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Author Maurer, A. S., Thawley, C. J., Fireman, A. L., Giery, S. T., & Stroud, J.T. url  openurl
  Title Nocturnal Activity of Antiguan Lizards Under Artificial Light Type Journal Article
  Year 2019 Publication Herpetological Conservation and Biology Abbreviated Journal (up)  
  Volume 14 Issue 1 Pages 105–110  
  Keywords Animals  
  Abstract Widespread human development has led to the proliferation of artificial light at night, an increasingly recognized but poorly understood component of anthropogenic global change. Animals specialized to diurnal activity are presented opportunities to use this night-light niche, but the ecological consequences are largely unknown. While published records make note of nocturnal activity in a diversity of diurnal taxa, few case studies have gone beyond isolated observations to quantify patterns of nocturnal activity, document animal behavior, and describe new species interactions. From 13 June to 15 July 2017, we conducted hourly nocturnal surveys to assess how two species of diurnal Anolis lizards (Leach’s Anole, Anolis leachii, and Watt’s Anole, A. wattsi) use artificial light on Long Island, Antigua. Our data show that both anole species foraged in artificially illuminated habitats and were more active prior to sunrise compared to the early night. Mark-resight data for a focal species, A. leachii, suggest that patterns of nocturnal activity were not significantly different between individuals. Finally, our behavioral observations for the two anoles and a third lizard species, the nocturnal Thick-tailed Gecko (Thecadactylus rapicauda), reveal a lack of agonistic interactions. Our study reveals an altered temporal niche for two diurnal Antiguan lizards and adds to a growing body of evidence documenting the broad influences of anthropogenic change on biodiversity  
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  Call Number IDA @ intern @ Serial 2472  
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Author Rosewater, V. url  doi
openurl 
  Title Cost Statistics of Public Electric Lighting Type Journal Article
  Year 1893 Publication Publications of the American Statistical Association Abbreviated Journal (up)  
  Volume 3 Issue 21 Pages 293-303  
  Keywords Economics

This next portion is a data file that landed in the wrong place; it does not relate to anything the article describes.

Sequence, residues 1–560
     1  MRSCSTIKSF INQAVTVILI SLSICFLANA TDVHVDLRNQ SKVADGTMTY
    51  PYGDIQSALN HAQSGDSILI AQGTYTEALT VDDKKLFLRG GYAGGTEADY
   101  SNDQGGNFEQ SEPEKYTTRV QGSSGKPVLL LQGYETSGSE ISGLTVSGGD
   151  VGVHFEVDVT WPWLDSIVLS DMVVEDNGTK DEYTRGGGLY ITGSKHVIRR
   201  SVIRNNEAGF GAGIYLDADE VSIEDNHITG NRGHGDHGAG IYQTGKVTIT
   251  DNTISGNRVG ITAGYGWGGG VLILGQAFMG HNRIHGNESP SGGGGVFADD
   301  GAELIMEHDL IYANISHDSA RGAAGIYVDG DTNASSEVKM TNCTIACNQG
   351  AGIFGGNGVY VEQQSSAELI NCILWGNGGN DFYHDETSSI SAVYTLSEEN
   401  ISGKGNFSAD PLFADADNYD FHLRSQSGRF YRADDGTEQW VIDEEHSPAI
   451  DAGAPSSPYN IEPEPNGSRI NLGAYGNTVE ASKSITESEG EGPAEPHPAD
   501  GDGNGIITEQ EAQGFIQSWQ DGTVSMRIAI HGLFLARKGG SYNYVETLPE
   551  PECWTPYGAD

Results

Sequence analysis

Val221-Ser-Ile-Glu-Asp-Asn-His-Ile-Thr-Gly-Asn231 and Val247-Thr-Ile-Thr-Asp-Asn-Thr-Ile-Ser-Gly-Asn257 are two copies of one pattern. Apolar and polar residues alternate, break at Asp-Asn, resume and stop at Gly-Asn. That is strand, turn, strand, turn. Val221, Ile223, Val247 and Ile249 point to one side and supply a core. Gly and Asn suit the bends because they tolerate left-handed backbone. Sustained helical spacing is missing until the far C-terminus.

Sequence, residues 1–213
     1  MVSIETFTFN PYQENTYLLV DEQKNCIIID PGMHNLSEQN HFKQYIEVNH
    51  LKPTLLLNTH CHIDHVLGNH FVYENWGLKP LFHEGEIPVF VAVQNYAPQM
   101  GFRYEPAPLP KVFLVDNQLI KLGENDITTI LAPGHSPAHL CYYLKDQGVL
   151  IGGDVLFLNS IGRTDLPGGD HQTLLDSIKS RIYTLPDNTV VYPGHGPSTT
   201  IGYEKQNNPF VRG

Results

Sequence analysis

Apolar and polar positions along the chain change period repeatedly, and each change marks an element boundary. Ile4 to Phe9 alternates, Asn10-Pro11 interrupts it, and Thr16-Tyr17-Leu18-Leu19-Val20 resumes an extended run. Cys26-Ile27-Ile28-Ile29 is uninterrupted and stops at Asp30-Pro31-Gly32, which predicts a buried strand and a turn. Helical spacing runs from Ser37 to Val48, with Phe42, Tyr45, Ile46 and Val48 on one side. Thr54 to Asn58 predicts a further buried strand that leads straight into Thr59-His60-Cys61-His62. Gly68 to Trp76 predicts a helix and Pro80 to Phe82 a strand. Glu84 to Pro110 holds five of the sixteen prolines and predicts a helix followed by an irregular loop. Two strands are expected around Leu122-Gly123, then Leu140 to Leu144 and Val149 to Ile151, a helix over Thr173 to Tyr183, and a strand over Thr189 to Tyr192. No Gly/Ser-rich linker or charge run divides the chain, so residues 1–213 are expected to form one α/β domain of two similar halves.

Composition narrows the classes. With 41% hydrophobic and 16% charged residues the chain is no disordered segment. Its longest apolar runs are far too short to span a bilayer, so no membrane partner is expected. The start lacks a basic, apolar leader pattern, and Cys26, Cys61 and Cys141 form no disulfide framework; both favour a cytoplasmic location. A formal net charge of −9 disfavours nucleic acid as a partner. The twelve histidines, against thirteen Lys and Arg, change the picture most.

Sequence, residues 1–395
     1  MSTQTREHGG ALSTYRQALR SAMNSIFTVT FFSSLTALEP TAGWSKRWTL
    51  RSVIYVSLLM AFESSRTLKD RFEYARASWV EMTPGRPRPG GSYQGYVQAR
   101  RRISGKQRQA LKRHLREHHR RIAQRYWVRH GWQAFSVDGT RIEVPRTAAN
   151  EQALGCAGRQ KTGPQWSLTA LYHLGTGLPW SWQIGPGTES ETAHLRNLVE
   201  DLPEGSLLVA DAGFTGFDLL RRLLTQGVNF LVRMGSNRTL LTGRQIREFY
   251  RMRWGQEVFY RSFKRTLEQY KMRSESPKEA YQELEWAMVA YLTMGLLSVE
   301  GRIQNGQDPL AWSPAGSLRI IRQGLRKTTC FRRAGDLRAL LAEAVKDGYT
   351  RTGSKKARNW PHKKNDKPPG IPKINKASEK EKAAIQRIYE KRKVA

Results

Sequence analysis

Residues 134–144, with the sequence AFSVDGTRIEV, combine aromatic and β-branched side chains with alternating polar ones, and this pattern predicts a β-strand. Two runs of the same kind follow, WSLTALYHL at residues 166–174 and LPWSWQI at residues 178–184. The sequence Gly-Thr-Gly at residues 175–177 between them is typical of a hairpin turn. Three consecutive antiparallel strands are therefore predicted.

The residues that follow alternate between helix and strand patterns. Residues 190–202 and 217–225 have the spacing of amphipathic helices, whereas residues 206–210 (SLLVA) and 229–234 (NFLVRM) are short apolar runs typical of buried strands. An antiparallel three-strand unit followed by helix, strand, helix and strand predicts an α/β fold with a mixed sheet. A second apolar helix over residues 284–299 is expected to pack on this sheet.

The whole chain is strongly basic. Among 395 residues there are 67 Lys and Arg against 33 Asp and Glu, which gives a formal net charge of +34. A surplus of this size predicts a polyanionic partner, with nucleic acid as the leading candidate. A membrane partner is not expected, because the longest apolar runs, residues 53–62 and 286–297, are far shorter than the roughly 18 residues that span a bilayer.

Abstract Among the various papers published upon the subject of municipial control of public electric lighting the showing made by the statistics of cost is always an important factor. Whatever be the point of view of the writers, they seem to present their own figures and yet to arrive at essentially inconsistent results. What I propose to do here, then, is simply to touch upon a few of the limitations which must be borne in mind by anyone who wishes to give these statistics their due scientific weight.  
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  Notes Approved no  
  Call Number IDA @ intern @ Serial 2474  
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Author Marder, M. url  doi
openurl 
  Title Being Dumped Type Journal Article
  Year 2019 Publication Environmental Humanities Abbreviated Journal (up)  
  Volume 11 Issue 1 Pages 180-193  
  Keywords Commentary  
  Abstract In this article, Michael Marder interprets the “toxic flood” we are living or dying through as a global dump. On his reading, multiple levels of existence—from the psychic to the physiological, from the environmental-elemental to the planetary—are being converted into a dump, a massive and still growing hodgepodge of industrial and consumer by-products and emissions; shards of metaphysical ideas and theological dreams; radioactive materials; light, sound, and other modes of sensory pollution; pesticides and herbicides; and so forth. Toxicity targets our bodily tissues, senses, and minds, not to mention our worlds, without individuating us in this targeting, as indifferent and random as the global dump that nourishes it. Disrupting metabolism at every scrambled register of existence, it waxes into what Marder calls “ontological toxicity,” the mangled parts of the dump that do not pass through and out of being and, in not passing, warrant the annihilation, the rapid passing away, of all else. In an ontologically toxic state, the meaning of being is being dumped.